Cliff Jumping

Need a little adrenaline in your life? May I suggest you search out your nearest tall rock (one with water below it, please) and hurl yourself off it.

As someone who gets jittery on the tops of tallish buildings I’m not the first person you’d think of when imagining a cliffjumping enthusiast, but an enthusiast I most definitely am. A few years ago I was surfing in Pembrokeshire near the Blue Lagoon (which has a pretty self explanatory name) and couldn’t resist jumping from the smallest of several cliffs. It was only about seven feet high, but I found the rush of cold blue water rushing up to meet me totally addictive.

Since then I’ve cliffjumped in a few places when I’ve been surfing – by far the best was the beach by Tintagel, in Cornwall. The water is a deep turquoise green and the cove is towered over by the remains of a castle that supposedly was the birthplace of King Arthur. There’s even a waterfall when the tide is right. Here too there are various smaller rocks and larger cliffs to jump off, making it safe for beginners as well as those who are a little braver.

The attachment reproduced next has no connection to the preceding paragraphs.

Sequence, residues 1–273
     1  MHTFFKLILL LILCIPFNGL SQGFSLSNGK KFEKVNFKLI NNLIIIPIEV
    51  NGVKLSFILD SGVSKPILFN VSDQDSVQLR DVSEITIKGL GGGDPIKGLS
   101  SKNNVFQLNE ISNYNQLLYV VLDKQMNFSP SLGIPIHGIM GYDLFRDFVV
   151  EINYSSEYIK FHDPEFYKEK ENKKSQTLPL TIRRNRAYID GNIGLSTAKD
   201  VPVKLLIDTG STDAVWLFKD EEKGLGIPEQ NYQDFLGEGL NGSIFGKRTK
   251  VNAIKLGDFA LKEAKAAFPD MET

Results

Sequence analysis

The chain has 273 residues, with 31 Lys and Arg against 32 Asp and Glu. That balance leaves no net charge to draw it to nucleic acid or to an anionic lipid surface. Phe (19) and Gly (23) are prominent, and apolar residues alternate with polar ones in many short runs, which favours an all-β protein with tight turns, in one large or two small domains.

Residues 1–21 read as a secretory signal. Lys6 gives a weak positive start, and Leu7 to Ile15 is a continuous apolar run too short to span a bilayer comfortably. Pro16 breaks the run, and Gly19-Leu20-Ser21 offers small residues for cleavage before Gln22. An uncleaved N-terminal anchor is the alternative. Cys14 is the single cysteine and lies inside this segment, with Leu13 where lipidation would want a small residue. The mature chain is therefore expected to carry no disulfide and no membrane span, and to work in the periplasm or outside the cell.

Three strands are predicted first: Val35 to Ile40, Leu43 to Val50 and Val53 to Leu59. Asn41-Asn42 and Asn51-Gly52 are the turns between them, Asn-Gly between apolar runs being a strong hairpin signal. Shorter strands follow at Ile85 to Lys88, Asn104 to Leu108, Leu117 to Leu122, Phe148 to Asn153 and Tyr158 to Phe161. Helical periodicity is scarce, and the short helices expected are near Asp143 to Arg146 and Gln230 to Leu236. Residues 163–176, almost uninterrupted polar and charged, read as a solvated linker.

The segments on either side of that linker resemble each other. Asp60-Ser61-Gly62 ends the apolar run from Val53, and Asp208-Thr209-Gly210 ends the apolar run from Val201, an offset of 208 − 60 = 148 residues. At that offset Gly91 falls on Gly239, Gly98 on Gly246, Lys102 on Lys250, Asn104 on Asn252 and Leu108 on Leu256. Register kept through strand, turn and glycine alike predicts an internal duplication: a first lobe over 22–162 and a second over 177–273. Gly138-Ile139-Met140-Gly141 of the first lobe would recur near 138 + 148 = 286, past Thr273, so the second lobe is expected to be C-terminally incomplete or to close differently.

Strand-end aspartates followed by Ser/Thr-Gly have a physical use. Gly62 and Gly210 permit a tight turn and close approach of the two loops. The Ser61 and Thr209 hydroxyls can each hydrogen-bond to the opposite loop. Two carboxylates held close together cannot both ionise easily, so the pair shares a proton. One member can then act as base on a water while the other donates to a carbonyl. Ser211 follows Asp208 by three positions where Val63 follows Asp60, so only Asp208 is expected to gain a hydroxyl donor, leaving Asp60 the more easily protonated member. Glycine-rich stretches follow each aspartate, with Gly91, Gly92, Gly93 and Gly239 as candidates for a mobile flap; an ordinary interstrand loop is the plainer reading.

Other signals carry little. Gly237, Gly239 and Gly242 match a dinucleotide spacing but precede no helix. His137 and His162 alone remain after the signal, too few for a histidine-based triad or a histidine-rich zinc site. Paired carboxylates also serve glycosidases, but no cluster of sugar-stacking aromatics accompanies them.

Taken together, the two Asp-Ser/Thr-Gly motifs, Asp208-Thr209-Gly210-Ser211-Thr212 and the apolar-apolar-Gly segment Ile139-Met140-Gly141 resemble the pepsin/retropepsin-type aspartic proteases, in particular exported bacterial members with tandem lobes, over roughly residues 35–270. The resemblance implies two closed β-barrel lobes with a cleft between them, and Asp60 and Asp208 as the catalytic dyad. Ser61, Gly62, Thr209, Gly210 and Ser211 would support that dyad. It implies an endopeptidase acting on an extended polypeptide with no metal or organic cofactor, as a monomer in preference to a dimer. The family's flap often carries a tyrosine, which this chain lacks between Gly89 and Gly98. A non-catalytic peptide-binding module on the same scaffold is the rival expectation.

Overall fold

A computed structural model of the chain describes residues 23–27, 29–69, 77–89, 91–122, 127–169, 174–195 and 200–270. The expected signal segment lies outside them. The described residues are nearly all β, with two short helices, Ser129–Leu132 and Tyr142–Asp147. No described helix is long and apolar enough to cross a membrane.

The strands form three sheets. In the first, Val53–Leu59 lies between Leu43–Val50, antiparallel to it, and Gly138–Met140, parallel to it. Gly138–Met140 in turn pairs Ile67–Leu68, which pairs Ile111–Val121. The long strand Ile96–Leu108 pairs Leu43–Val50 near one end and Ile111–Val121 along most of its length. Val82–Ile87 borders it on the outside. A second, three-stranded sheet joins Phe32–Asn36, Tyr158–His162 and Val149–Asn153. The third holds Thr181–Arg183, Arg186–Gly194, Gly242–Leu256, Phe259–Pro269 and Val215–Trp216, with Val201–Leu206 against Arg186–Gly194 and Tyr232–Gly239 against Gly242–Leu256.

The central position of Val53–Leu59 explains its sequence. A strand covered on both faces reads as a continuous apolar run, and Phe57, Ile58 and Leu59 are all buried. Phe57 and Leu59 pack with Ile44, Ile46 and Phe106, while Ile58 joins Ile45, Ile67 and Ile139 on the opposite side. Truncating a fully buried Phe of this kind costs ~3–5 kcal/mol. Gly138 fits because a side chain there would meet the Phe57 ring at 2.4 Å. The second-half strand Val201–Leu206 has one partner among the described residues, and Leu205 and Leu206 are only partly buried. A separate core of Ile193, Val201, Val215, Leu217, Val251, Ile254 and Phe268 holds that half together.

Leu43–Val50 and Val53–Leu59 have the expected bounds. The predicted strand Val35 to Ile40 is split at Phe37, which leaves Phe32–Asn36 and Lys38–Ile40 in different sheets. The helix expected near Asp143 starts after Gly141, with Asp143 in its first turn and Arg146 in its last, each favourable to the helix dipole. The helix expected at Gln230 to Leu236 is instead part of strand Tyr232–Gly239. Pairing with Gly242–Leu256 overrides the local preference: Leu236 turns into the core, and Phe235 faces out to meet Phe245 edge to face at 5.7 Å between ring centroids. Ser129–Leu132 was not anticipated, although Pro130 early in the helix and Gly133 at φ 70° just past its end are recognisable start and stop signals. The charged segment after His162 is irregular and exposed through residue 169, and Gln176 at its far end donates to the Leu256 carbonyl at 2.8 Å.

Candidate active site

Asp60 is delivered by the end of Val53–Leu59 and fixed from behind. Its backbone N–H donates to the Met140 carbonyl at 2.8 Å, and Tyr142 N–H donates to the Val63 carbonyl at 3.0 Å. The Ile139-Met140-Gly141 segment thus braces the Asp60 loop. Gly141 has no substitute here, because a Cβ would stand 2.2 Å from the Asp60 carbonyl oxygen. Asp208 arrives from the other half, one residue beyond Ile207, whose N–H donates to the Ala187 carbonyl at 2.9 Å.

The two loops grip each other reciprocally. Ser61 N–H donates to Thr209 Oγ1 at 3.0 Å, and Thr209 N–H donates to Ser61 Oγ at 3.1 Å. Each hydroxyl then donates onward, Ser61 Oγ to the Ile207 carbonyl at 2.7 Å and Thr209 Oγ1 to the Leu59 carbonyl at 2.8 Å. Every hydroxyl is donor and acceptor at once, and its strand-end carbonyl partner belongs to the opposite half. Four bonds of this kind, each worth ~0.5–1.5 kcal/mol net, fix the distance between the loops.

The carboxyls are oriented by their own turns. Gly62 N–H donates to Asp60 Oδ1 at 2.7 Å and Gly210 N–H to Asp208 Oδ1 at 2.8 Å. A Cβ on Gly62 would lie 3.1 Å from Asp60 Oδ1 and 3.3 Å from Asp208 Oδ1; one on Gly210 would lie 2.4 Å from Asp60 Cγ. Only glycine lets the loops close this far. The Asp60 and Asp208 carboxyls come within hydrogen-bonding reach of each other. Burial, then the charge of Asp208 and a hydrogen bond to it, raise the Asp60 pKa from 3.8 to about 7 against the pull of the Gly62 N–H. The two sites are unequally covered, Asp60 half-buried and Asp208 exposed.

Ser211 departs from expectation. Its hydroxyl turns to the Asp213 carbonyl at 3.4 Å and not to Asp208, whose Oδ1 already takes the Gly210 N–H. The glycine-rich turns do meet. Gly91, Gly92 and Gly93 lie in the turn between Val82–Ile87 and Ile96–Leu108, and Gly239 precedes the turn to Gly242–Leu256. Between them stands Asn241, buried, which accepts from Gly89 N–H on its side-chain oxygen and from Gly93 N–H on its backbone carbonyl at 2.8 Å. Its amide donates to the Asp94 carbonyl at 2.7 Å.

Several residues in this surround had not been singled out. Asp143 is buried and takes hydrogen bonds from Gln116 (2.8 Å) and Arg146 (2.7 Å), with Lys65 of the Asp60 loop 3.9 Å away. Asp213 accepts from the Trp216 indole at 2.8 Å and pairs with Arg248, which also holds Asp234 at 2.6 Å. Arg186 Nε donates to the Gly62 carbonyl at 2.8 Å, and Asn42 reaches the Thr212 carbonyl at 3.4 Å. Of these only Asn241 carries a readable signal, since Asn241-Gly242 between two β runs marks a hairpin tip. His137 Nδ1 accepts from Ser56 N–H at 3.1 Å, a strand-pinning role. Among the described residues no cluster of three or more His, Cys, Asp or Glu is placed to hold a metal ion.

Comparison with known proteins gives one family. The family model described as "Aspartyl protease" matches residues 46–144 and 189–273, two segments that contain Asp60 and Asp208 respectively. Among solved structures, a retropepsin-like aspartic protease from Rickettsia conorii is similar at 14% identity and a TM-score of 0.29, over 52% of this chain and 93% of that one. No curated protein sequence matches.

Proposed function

You can, of course, get taught to cliff jump – go coasteering and you’ll be provided with a wetsuit, attractive helmet and guide, which I’d recommend if you’re nervous. But as long as you’re careful, cliff jumping is fine done freestyle.

Take basic precautions – don’t go alone, wear a wetsuit as deep water is cold (even in summer months), never jump from a height you’re unhappy with, make sure the water below you is free from rocks and obstructions, and jump straight and tall, with your legs together and your arms by your sides. It’s perfect for getting rid of the winter blues, I promise.

The Girl Outdoors

Leave a Reply

Your email address will not be published. Required fields are marked *